The effect of matrix characteristics on fibroblast proliferation in 3D gels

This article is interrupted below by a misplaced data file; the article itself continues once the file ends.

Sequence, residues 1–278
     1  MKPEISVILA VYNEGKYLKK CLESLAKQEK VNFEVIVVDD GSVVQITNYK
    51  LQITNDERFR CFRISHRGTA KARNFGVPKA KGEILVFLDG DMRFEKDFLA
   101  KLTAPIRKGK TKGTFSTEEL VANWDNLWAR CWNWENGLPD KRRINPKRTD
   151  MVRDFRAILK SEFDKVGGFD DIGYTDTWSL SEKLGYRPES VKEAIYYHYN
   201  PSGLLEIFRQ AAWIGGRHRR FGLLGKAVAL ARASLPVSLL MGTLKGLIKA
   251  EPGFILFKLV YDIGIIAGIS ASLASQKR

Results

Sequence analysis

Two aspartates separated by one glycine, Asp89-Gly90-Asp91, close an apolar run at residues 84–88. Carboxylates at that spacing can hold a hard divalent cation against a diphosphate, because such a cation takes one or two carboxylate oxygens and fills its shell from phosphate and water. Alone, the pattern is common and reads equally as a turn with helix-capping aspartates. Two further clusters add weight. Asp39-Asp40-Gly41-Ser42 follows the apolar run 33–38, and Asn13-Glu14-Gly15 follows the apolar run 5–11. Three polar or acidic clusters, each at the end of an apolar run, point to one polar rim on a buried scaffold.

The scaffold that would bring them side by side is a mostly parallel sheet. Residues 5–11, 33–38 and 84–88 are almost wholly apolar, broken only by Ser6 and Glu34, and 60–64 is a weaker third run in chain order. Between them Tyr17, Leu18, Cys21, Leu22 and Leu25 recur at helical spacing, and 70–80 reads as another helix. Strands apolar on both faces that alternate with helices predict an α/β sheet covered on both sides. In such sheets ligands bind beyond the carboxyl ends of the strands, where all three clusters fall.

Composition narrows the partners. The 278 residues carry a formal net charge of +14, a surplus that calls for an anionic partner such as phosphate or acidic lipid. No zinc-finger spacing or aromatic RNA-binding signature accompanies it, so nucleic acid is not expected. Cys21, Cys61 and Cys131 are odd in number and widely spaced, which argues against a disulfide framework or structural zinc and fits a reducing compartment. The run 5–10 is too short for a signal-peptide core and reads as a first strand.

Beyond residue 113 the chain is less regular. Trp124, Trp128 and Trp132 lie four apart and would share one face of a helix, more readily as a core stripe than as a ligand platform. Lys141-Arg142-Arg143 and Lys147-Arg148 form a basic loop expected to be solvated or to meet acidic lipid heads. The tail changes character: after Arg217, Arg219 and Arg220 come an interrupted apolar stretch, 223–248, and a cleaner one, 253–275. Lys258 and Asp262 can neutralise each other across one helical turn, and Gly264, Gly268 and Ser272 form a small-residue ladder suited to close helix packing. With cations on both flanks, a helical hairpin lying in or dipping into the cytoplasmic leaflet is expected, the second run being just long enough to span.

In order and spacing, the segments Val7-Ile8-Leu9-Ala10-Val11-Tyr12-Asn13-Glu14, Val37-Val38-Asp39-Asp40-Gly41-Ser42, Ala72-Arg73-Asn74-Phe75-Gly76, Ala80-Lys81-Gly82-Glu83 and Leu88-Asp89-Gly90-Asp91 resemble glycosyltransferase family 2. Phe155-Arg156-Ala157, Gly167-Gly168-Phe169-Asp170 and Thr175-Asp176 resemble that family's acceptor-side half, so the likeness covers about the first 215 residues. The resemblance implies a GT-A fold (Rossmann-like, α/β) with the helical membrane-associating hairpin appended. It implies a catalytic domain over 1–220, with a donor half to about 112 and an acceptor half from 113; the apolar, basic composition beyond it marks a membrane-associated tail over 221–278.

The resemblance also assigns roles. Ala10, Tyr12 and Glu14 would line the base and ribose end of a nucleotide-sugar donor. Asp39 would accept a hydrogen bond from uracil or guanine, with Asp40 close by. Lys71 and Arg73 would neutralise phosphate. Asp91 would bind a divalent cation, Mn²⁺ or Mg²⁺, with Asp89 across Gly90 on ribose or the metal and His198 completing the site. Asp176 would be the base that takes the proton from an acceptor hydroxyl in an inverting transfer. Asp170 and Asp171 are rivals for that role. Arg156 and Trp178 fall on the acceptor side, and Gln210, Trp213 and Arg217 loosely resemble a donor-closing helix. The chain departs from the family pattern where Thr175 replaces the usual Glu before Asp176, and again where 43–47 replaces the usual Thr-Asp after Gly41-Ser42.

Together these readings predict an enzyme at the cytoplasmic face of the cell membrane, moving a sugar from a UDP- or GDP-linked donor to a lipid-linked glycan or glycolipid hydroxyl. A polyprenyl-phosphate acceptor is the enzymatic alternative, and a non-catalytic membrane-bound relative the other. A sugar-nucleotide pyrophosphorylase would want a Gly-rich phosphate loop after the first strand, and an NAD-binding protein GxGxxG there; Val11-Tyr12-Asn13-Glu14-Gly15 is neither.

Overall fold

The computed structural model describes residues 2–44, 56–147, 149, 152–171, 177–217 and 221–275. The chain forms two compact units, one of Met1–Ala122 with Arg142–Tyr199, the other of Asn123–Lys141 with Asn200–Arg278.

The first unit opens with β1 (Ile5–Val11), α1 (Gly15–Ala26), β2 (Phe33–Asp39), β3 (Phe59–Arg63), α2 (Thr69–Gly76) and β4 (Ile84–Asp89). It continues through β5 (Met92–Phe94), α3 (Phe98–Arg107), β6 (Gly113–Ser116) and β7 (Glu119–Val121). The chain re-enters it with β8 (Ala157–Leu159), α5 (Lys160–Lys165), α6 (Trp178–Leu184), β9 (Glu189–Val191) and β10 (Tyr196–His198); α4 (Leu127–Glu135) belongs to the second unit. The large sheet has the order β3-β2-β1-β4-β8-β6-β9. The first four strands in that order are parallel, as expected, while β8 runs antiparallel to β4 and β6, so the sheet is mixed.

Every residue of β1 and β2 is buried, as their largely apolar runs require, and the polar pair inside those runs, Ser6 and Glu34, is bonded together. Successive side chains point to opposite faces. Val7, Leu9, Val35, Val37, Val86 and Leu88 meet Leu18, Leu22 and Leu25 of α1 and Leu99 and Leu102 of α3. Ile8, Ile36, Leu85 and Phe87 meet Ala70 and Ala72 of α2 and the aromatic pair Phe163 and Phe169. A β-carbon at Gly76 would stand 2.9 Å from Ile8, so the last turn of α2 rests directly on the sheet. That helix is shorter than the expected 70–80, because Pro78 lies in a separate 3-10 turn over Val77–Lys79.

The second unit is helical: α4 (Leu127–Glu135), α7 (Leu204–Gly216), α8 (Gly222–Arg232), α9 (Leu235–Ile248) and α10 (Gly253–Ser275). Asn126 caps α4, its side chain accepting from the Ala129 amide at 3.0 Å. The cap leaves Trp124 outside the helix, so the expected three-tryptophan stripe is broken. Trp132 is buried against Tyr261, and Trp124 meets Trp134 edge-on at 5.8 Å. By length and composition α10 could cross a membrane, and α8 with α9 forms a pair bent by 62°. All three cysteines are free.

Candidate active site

Engineering synthetic hydrogels on a molecular basis to introduce natural features that are important in instructing cell behavior is becoming increasingly crucial in biomaterial-based approaches for regenerative medicine and in cell biology to study cell–matrix interactions in three-dimensions (3D). Here, we used collagen gels and exploited the design flexibility of the biological, biochemical and physical characteristics offered by a PEG-based hydrogel system to systematically study the effect of specific extracellular microenvironments on the behavior of primary human fibroblasts in 3D. We firstly found that the proliferation profiles of fibroblasts from different patients cultured within collagen gels (3D) differed significantly from their behavior observed on tissue culture plastic (2D). Furthermore, using the biomimetic PEG-based matrix we showed that cell proliferation in 3D could be selectively manipulated via alteration of the gel characteristics. In particular, this study revealed that, in spite of matrix sensitivity to proteases (e.g. MMP) and the presence of cell-integrin binding sites, at high stiffness (elastic modulus, G′ >1200 Pa) the matrix acts as a barrier for cells cultured in 3D. Finally, a comparison between the biomimetic PEG-based and collagen gels indicated that differences in their viscoelastic behaviours, determined by the nature of network structures and cross-links, may influence the mechanism(s) cells employ to remodel their 3D extracellular microenvironment. In conclusion, these studies highlight that for proliferation in 3D, compared to 2D, cells require strategies to overcome the physical impediment posed by the matrix. We also demonstrate that by exploiting the design flexibility of the characteristics offered by these biomimetic hydrogels, it is possible to separately investigate complex aspects characterizing the cell–matrix interactions in 3D; this has the potential to have great impact in regenerative medicine, as well as in cell biology and cancer research.